"The Boulevard of Broken Dreams" is what some call Hollywood Boulevard. But the dreamers keep coming.

Copyright 2013 NPR. To see more, visit http://www.npr.org/.

Transcript

RENEE MONTAGNE, HOST:

"Argo," the movie about rescuing American diplomats from Iran during the 1979 revolution, is raking in more trophies this award season. This past weekend, it won Best Picture at the British Academy Film Awards, Britain's version of the Oscars.

STEVE INSKEEP, HOST:

"Argo's" director, Ben Affleck, also took home Best Director. He did not receive an Oscar nomination in that category. Affleck dedicated his award last night to, quote, "Anyone out there who's trying to get their second act."

MONTAGNE: You'll hear a song that's had many second acts when the Academy Awards take place here in Los Angeles later this month. That song has come to stand for movies and for movieland. But the composer grew up in Detroit and the lyricist came from Savannah, Georgia. Yet together they wrote the quintessential anthem to Hollywood.

NPR special correspondent Susan Stamberg has the story of the tune "Hooray for Hollywood."

SUSAN STAMBERG, BYLINE: The history of entertainment is spelled out on the pavements of Hollywood and Vine, in Los Angeles.

LERON GUBLER: Now, there's Ellen DeGeneres, Carmen Miranda, Anjelica Huston, Julia Louis-Dreyfus - we misspelled her name; Bruce Dern...

STAMBERG: Some 2500 names, outlined by brass stars, embedded in the Walk of Fame. Leron Gubler, head of the Hollywood Chamber of Commerce, says studios, sponsors, fans, put up 30,000 bucks for each tribute. And if they don't do it with a smile, at least there's a song.

(LAUGHTER)

GUBLER: You want me to sing it? (Singing) Hooray for Hollywood, that crazy, ballyhooed Hollywood, where any office boy or new mechanic...

(SOUNDBITE OF MUSIC, "HOORAY FOR HOLLYWOOD")

STAMBERG: The song was written for the Warner Brothers film "Hollywood Hotel," a corny little 1937 let's-go-to-Hollywood-and-become-stars movie, with some cute dialogue.

(SOUNDBITE OF MOVIE, "HOLLYWOOD HOTEL")

UNIDENTIFIED MAN #1: I'm sorry I can't stick with you, Bowers, but I've got to interview a horse. We just signed him up for the lead in a western.

DICK POWELL: (As Ronnie Bowers) What are you going to say to a horse?

UNIDENTIFIED MAN #1: I don't know yet. He's an Arabian horse. But they'll have an interpreter there.

(SOUNDBITE OF MUSIC, "HOORAY FOR HOLLYWOOD")

STAMBERG: The movie didn't do much, but that song made it big - although it took a while. Warner's put it in a few cartoons. But not until the 1950s, when the Oscar ceremonies nabbed it, did it really take off. Then, Richard Whiting's music and Johnny Mercer's lyrics moved from the silver screen into the stratosphere.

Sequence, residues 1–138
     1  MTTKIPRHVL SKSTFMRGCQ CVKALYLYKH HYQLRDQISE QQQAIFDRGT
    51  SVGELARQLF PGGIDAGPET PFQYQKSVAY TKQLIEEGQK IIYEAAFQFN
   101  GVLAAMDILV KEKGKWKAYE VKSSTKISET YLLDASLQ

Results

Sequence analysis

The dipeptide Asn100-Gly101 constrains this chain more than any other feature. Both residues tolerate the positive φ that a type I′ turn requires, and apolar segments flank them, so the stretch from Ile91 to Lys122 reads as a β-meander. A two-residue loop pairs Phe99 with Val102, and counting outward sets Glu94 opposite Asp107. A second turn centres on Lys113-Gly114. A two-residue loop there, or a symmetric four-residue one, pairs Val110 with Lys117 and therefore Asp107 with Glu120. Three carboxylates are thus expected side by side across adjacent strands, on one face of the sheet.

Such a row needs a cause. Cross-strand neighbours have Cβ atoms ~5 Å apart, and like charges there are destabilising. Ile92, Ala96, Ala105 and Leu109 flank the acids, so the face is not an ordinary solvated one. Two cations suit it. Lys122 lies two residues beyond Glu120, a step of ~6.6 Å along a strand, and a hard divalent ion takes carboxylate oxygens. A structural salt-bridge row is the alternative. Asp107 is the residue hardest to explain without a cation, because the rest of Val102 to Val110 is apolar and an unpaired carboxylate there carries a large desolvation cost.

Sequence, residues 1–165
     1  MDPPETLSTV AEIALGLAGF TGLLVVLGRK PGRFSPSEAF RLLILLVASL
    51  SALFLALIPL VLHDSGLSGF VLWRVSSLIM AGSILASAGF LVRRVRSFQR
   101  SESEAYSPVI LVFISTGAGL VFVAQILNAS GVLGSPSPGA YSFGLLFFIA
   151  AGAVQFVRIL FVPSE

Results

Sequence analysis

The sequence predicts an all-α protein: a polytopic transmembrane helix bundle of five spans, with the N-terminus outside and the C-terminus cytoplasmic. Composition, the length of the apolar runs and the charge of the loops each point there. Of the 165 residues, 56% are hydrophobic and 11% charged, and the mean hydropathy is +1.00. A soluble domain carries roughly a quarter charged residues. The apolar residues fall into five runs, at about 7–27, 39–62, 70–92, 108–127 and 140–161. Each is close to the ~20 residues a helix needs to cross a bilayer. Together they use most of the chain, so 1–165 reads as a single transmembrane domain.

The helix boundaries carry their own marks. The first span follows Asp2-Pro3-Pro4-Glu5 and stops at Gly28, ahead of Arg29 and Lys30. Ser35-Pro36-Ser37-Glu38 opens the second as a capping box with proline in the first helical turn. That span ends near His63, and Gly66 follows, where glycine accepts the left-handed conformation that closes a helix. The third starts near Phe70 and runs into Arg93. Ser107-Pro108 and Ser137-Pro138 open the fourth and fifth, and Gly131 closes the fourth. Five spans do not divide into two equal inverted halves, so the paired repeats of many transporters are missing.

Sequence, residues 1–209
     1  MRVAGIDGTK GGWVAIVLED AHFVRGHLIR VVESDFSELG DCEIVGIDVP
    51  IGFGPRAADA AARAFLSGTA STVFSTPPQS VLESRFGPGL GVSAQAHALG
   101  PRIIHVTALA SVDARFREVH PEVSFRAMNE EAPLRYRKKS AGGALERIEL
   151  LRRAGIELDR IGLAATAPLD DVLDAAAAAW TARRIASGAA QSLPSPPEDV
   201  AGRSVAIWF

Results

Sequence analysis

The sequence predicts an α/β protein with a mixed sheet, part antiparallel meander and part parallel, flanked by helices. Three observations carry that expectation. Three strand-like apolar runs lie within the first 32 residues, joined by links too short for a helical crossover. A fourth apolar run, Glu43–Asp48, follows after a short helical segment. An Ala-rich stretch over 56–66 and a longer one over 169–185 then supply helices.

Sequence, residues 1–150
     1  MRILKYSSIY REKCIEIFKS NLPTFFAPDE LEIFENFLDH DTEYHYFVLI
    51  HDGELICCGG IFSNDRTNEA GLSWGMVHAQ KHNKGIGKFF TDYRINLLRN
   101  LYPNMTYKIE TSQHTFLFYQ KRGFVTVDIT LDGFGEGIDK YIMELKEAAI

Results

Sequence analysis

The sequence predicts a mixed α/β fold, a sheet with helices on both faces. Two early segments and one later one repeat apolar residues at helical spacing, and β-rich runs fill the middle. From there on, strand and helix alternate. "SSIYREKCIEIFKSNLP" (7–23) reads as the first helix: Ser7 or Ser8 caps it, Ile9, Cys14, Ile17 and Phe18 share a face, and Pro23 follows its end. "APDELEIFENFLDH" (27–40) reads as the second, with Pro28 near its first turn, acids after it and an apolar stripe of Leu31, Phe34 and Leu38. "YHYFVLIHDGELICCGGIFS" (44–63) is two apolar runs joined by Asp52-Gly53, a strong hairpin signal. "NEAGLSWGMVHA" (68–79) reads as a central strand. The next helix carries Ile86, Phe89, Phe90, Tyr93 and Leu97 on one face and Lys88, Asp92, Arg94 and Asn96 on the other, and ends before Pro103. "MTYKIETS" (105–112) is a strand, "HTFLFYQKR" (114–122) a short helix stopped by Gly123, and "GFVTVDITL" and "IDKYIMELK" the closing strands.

MICHAEL FEINSTEIN: I saw a piece of paper that had the list of material that Whiting and Mercer had to write for this movie. You know, it was a factory and they had to churn out these things.

STAMBERG: Singer and host of NPR Music's SONG TRAVELS, Michael Feinstein.

FEINSTEIN: There was a deadline and this was just one of many things that they had to supply. I'm sure they sat there thinking, OK, this is the opening number. We've got Benny Goodman and his band to perform it, so we have to come up with something that is rousing, but will be great performed by a big band.

And he wrote something that is kind of a march but it also has a swing to it. And because he does all these little twists and turns with the melody, it is rather complex, but it's easy to sing.

(Singing) Hooray for Hollywood, that screwy, ballyhooey Hollywood, where any office boy or young mechanic can be a panic with just a good-looking pan. And any barmaid can be a star maid if she dances with or without a fan. Hooray for Hollywood. Where you're terrific if you're even good. Where anyone at all from Raymond Massey to dear old Lassie is equally understood. Go out and try your luck, you may be Donald Duck, hooray for Hollywood.

STAMBERG: Composer Richard Whiting arrived in Hollywood in 1919, scored more than a dozen films, and was known as a go-to guy who could write any kind of song. Lyricist Johnny Mercer was a newcomer. He went West in 1934 with dreams of stardom - being the next Bing Crosby. He and Whiting did several movies together.

Mercer's biographer Philip Furia says the music always came first. And the music for this song posed problems for the lyricist.

PHILIP FURIA: So, he wrote what was sometimes called a dummy lyric, where you just use non-sensible words, to help remember the melody. His lyric was: piece of material, piece of material, before he came up with, hooray for Hollywood.

STAMBERG: But biographer Furia says it was not all hooray for Johnny Mercer in Hollywood. And these lyrics reflect it.

FURIA: No, he was kind of bitter toward Hollywood because he had flopped as an actor. And, so, when he wrote "Hooray for Hollywood," he was really making fun of a lot of things he didn't like about Hollywood. That's why he says: Hooray for Hollywood where you're terrific if you're even good. He was put off by all the glitz and glamour and that it was all Tinseltown fakery and you didn't really need to have a lot of talent.

So, it's surprising that that song has become kind of the anthem of Hollywood, because it takes a very cynical, satirical view of the whole movie industry.

STAMBERG: It's probably the peppy, upbeat Whiting music that makes the song seem such a salute - and the repeated hoorays from Mercer.

Despite the cynicism, it's a song about making it big, trying your luck, a song about dreams. And Johnny Mercer knew all about dreams. "Old Dream-Maker" he wrote in his lyric for the Oscar-winning "Moon River." more than two decades after this complicated, sometimes moody standard.

(SOUNDBITE OF SONG, "HOORAY FOR HOLLYWOOD")

DORIS DAY: (Singing) Hooray for Hollywood, where you're terrific if you're even good, where anyone at all, from TV's Lassie to Monroe's chassis is equally understood...

STAMBERG: This song comes closer to the dark/bright shadings of Movieland. The aspirations and realities of Hollywood mingle clearly at that historic intersection of Hollywood and Vine.

On the Walk of Fame the other day, a legless man - his crutches lying on the ground - sat polishing one of the brass stars. And tourists from everywhere strolled along, reading the pavement and dreaming their own dreams. Boulevard of Broken Dreams is what some call Hollywood Boulevard. But the dreamers keep on coming.

I'm Susan Stamberg, NPR News.

(SOUNDBITE OF SONG, "HOORAY FOR HOLLYWOOD")

DAY: (Singing) Hooray for Hollywood...

MONTAGNE: And that's Doris Day singing on MORNING EDITION from NPR News. I'm Renee Montagne.

INSKEEP: And I'm Steve Inskeep.

(SOUNDBITE OF SONG, "HOORAY FOR HOLLYWOOD")

DAY: (Singing) They come from Chillicothes and Padukahs with their bazookas to get their names up in lights. All armed with photos from local rotos, with their hair in ribbons and legs in tights. Hooray... Transcript provided by NPR, Copyright NPR.